47 of 54 people found the following review helpful
The most accessible and complete introduction to apologetics,
By A Customer
This review is from: When Skeptics Ask: A Handbook on Christian Evidences (Hardcover)
This is the most exhaustive introduction to apologetics. It is up-to-date, rich in sound arguments and yet accessible to those who are not so philosophically minded or who have not had the benefit of higher education. It reads very easily, it covers all issues, and even contains some discussions that are not easily found in apologetics books (see the excellent discussion on archeology). Any Christian who is not so intellectually minded should have this book!
A weaker part in the book is the introduction to apologetics (chapter one). The authords present apologetics as "preevangelism", but I think that apologetics belong to the gospel (as shown in 1Co 15, the evangelistic discourses in Actes...). Another problem with the introduction is that it presents apologetics only in the context of evangelization, and does not mention another very important aspect: strengthening one's faith so as to be able to resist periods of doubts, building a shield of faith capable of stopping the darts of the enemy. Anyway the introduction makes of very good job of showing the necessity of apologetics for evangelization in a very few pages.
Concerning the existence of God, the authors succeed in explaining the Kalam, design, moral and ontological arguments with simplicity and in dealing with many God-related issues.
The authors do also a good work of simply introducing and refuting the other worldviews. Concerning the problem of evil they present a combination of free will, "best-way" and soul-deciding theodicies. They treat well the question of miracles.
Instead of dealing with the historicity of the Bible, they very shortly explain why it should be considered a historical book, and then argue on this basis for the resurrection and deity of Christ, develop a christology and show Christ to be a better way than the other "great teachers". I wonder why the authors did not first argue for the historicity of the NT documents and the historicity of the resurrection (the argument based on the fact that women were the first witness is therefore not used here).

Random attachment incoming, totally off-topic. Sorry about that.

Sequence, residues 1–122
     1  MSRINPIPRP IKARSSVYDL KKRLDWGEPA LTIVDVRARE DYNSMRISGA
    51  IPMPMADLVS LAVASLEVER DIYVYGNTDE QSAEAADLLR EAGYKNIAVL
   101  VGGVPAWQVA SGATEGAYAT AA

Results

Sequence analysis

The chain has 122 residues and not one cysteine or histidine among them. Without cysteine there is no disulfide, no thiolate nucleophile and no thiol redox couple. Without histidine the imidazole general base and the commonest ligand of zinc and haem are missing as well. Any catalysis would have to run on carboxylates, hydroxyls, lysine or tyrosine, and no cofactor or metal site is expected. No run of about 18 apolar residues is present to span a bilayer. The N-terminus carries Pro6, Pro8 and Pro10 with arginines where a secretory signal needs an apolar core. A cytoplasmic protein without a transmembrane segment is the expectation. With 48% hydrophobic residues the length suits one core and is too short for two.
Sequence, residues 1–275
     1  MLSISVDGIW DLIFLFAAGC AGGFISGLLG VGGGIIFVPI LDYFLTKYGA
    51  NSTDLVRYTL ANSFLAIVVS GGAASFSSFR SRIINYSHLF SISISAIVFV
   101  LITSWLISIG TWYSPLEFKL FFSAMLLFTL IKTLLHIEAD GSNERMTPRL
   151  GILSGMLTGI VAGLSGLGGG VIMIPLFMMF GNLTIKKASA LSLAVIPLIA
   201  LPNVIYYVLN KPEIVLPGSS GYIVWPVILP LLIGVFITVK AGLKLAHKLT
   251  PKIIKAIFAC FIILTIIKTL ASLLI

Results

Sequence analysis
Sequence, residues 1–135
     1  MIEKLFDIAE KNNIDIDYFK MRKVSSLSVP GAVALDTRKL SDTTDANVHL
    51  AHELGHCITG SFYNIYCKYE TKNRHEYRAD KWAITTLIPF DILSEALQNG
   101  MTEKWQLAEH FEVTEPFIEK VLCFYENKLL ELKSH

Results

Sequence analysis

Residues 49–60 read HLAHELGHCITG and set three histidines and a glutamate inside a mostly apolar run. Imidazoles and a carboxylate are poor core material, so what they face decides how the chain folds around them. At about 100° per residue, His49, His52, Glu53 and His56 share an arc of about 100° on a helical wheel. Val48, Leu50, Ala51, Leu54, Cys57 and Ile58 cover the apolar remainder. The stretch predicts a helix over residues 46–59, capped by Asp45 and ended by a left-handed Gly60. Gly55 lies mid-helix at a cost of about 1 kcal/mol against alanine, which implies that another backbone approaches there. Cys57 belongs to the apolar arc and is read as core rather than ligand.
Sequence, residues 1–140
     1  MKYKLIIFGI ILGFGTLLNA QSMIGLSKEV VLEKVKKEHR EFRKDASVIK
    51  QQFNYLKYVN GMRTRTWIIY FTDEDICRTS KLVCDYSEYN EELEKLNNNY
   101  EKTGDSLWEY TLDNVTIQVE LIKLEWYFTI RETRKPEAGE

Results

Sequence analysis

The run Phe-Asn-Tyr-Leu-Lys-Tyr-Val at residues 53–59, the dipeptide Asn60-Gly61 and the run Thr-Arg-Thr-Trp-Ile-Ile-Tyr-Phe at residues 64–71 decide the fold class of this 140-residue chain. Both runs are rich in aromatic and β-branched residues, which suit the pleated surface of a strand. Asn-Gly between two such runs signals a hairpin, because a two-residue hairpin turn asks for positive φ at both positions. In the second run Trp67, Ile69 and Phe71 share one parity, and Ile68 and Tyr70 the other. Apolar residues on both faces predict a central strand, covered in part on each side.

They then classically argue for the inspiration and inerrancy of the Bible, deal with diverse problems and end with the reliability of the manuscripts.
The other chapters (Bible difficulties, archeology, science, afterlife, truth, morals) seem perfectly treated to me, I have hardly anything to report. I wonder why the chapter concerning truth was not placed right at the beginning. I guess the authors estimated it to be difficult (too abstract) for the average reader, and therefore relegated it at the end.
My overall impression is that Geisler and Brooks greatly succeeded in packing a lot of information in a modest volume (about 350 p.), in dealing with many delicate topics and aspects, and in making many difficult subjects understandable, enjoyable indeed. I highly recommend their book. But more is needed and I hope that the readers of this book will then read more of Geisler's books, as well as Moreland's and many more. so as to be intellectually responsibl
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Showing 1-3 of 3 posts in this discussion
Initial post: Nov 10, 2009 4:13:14 PM PST
Gordon F. Ross says:
If you truly wish to be "intellectually responsible," that is, "able to respond to the promptings of your intellect," and enjoy discussions about the Bible, I suggest that you read _The End of Biblical Studies_ by Hector Avalos. If, however, you are afraid of challenges to your current belief system and prefer to remain comfortable in your faith without examining it critically, then be all means avoid Avalos's discussion!
In reply to an earlier post on May 5, 2010 3:51:12 PM PDT
Isn't Avalos the guy who roughed up the brilliant debater William Lane Craig? I would avoid tangling with that individual. At all costs. Even WLC, in his opening statement in his debate with Avalos, called Avalos out on his tactics.
In reply to an earlier post on Aug 21, 2012 9:04:40 PM PDT
I don't agree that Avalos "roughed up" WLC. Common sense atheism had the following to say about the debate:
"Craig begins by embarrassing Avalos by showing how Avalos combated a previous opponent by demanding that he be able to recognize Biblical manuscripts by sight - which is not how scholars work with Biblical texts anyway. Avalos comes out swinging, citing very specific parts of Craig's work and trying to put Craig in uneasy situations. Craig responds calmly and confidently, and reminds the audience that almost nothing Avalos has said (1) builds a case against the Resurrection, nor (2) rebuts the arguments Craig gave in this debate. Avalos focuses on a linguistic disagreement with Craig - but of course nobody in the audience can tell who is right, and it wasn't even part of Craig's case in the debate.
Also, Avalos is kind of a dick at certain times, which doesn't help him. His language attacks Craig more than Craig's arguments. After Craig gives his final speech, Avalos jumps in on Craig's applause and says, without any humor, "I very much appreciate your applause for me, thank you." Smooth, Avalos."
It seems apparent that Avalos attack tactics do not work with a true scholar.
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